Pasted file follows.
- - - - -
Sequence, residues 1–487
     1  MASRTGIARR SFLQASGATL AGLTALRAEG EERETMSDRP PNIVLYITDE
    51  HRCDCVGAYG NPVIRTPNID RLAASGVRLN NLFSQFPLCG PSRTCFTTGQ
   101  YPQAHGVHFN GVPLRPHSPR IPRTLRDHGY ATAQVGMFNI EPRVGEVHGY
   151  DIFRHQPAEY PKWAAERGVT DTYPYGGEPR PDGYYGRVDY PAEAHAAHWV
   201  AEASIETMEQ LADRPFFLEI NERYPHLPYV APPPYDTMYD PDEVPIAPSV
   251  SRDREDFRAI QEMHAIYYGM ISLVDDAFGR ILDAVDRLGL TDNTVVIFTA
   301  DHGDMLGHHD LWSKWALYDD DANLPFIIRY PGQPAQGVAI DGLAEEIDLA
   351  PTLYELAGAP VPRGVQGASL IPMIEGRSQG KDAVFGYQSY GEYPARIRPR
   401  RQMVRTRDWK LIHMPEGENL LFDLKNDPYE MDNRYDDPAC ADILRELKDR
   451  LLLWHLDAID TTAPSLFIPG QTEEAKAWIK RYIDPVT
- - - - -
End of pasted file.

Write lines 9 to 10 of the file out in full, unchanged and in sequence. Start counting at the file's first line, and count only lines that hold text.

   351  PTLYELAGAP VPRGVQGASL IPMIEGRSQG KDAVFGYQSY GEYPARIRPR
   401  RQMVRTRDWK LIHMPEGENL LFDLKNDPYE MDNRYDDPAC ADILRELKDR